25 April 2022
It took two decades for Mandy Golding to locate a photograph of her grandmother’s father-in-law, Noel Brinkley. Noel was an Anzac who survived the rigours, passions and tragedies of trench warfare and pitched battles. Here’s how Noel’s picture made its way back to loved ones.
Noel Clarence Brinkley (service number 2479) was a Salvationist from Magill Corps in South Australia. Noel was faithful in his duties; though he lived nine miles away, he was present as a bandsman and corps cadet to serve God.
A photograph that The Salvation Army published of Noel in military uniform shows a boy becoming a man; there’s an eagerness in his eyes, and an openness.
On 13 October 1915, Noel left Australian shores for France, with the 27th Battalion. He joined many other young men to fight, kill, bleed and perhaps die for kings and countries.
The locations and battles changed; Noel’s tenuous grip on life held. He endured wounds, suffered privations, lost mates, learnt lessons and endured the horrors of the Great War.
An acting sergeant when peace broke out, the young man continued serving as a sergeant-major and warrant officer in the Australian army.
Time is a harsh sea to swim through and, for many of Noel’s extended family in the United Kingdom, the end of the First World War is mostly where his story petered out.
British citizen Mandy Golding told The Salvation Army Australia Museum Manager Lindsay Cox that she had ‘been researching for 20 years, but my Gran, Jane Brinkley, has been waiting so much longer than that’. (Jane was married to Ben, Noel’s son.)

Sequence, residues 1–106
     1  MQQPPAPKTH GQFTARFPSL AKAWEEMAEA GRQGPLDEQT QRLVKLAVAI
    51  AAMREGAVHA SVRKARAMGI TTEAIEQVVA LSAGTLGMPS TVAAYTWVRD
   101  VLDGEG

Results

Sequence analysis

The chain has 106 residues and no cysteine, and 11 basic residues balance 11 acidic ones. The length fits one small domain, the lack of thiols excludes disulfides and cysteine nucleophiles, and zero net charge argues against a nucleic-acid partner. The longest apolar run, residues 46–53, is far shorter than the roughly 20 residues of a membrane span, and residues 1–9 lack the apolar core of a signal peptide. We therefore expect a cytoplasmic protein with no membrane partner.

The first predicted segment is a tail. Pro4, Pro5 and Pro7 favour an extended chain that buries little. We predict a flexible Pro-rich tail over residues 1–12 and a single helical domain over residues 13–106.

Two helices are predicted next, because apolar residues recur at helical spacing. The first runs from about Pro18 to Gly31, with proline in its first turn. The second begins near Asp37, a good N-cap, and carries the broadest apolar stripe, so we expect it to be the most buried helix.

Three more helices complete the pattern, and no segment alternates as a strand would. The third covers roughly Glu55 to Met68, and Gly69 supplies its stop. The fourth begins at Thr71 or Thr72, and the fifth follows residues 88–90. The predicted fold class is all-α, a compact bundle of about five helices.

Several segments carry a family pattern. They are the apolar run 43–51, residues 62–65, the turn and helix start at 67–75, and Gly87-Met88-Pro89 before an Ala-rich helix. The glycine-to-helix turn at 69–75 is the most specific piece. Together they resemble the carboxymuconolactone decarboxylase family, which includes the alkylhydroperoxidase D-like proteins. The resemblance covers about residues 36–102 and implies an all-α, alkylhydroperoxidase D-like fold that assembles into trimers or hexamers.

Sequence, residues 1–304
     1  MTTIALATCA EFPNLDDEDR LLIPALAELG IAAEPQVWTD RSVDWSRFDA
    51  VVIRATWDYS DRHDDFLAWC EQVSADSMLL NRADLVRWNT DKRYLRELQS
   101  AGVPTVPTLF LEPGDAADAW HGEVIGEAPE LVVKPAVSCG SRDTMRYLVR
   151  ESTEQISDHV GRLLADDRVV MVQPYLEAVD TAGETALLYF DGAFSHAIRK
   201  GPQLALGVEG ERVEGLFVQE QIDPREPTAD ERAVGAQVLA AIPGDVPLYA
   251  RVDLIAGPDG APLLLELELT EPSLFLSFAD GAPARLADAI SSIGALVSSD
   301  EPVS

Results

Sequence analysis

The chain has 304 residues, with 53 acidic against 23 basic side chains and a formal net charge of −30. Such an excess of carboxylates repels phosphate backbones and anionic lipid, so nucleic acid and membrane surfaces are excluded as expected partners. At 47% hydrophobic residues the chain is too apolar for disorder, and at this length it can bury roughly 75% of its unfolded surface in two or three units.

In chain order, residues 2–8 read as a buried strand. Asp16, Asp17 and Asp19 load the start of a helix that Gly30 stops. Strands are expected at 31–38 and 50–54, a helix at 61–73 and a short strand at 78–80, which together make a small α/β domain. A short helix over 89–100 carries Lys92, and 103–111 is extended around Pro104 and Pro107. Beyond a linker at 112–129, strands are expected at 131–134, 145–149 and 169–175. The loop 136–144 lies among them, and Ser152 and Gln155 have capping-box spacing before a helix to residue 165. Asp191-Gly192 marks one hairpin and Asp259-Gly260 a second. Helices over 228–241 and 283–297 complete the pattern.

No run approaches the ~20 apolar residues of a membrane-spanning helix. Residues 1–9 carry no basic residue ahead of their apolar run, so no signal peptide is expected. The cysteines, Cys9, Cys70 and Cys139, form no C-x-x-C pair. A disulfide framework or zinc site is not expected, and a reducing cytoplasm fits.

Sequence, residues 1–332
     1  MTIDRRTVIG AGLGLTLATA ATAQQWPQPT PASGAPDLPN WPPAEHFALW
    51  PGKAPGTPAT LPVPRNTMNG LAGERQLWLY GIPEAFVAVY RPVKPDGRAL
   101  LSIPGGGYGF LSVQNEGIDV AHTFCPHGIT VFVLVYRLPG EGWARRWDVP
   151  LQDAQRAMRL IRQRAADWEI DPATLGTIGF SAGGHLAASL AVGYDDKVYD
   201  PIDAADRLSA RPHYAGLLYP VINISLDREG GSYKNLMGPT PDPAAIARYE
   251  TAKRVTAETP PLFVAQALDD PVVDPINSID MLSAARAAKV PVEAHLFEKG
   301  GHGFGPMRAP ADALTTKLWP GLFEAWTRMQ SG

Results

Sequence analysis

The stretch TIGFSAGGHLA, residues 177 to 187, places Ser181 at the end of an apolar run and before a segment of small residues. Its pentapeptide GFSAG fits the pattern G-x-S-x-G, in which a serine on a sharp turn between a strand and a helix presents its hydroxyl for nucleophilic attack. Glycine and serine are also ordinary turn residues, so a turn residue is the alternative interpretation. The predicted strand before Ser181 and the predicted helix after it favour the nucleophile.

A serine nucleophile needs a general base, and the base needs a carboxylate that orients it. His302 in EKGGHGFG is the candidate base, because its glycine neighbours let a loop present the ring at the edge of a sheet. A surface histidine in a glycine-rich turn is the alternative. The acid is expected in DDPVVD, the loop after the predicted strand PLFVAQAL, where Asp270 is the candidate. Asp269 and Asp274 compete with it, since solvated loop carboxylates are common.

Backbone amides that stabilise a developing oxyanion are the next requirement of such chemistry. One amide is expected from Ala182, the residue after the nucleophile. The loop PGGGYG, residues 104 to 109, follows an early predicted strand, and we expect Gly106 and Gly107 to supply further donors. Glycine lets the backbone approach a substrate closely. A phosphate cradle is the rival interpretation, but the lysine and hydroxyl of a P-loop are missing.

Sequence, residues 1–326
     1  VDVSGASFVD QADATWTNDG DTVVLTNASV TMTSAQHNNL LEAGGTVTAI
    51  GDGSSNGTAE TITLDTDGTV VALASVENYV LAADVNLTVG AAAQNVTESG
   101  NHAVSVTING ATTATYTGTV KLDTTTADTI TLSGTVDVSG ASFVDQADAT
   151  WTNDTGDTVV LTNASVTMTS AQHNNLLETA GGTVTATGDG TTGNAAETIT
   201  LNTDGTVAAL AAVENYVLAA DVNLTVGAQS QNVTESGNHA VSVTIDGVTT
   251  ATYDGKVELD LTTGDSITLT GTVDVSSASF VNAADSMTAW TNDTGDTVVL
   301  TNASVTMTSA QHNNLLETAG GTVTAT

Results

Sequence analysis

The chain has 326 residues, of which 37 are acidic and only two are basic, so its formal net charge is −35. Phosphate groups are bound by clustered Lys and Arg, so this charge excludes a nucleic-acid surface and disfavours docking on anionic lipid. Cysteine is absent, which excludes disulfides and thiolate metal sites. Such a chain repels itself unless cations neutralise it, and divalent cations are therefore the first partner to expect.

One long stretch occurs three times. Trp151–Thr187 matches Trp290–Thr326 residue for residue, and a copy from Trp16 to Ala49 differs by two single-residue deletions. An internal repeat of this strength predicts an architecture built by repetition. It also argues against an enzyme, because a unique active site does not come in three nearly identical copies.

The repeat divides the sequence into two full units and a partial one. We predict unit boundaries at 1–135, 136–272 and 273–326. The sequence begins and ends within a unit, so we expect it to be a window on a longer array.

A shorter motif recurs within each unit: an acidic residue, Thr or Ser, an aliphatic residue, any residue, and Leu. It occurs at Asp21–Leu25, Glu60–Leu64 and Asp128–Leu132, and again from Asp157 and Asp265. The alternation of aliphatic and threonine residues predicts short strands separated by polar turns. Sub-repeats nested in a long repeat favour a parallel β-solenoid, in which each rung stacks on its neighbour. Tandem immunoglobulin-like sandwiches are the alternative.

Mandy thanks Simone Brinkley in Adelaide (her great-grandad was Noel’s cousin) for her help.
‘My uncle went down to Tea Tree Gully to see if he could get anywhere,’’ Mandy adds, ‘when he visited Australia a few years ago.’ (Mandy’s late grandfather Ben was born in Tea Tree Gully.)
Mandy says her grandad never forgot about his family in Australia. ‘One day,’ she adds, ‘we will visit and lay flowers for Noel. On his headstone it says, “Too dearly loved to ever be forgotten”, and he has never been forgotten here either.’
When contacted by Mandy at the suggestion of The Salvation Army’s Heritage Museum in New York, Lindsay was locked down along with most of Melbourne, ensconced at home due to COVID, but he was able to remotely access his archival database. He researched Noel’s Salvation Army connections and discovered references to a photograph of the digger as a young man.
I was working as part of TSA Melbourne Project 614’s staff at 69 Bourke Street, deemed one of the governments’ essential services, so I was able to access the museum and retrieve the image for Lindsay to send on.
That photograph of a young man headed for war, once seen, stays with you. It’s stayed with me.
Lindsay arranged to get a copy to Mandy for her 102-year-old grandmother, who had never seen a photo of her father-in-law. The family was amazed; stunned by the physical resemblances they saw in Noel’s descendants.
‘Thank you so much again,’ Mandy replied, ‘and “thank you” doesn’t feel enough.
‘We took a photo of many family members, holding a photo of Noel, on Gran’s 102nd birthday… We are all quite emotional!
‘My Gran loves the photo; she couldn’t believe it. My grandson, children, mum, brother and uncle, we were all blown away. It’s been a team effort.
‘I cannot tell you how thrilled we are to have Noel’s photo.’
Mandy has placed Noel’s photo in her hallway; he’s reunited and ‘at home’ with other family photos. Seeing it never gets old. Noel’s bright-eyed, hopeful face reminds her and her family of young relatives.
‘Having never met him,’ she says, ‘it’s amazing how connected we all feel to him. I walk past his photo every day, and I always say “G’day!”’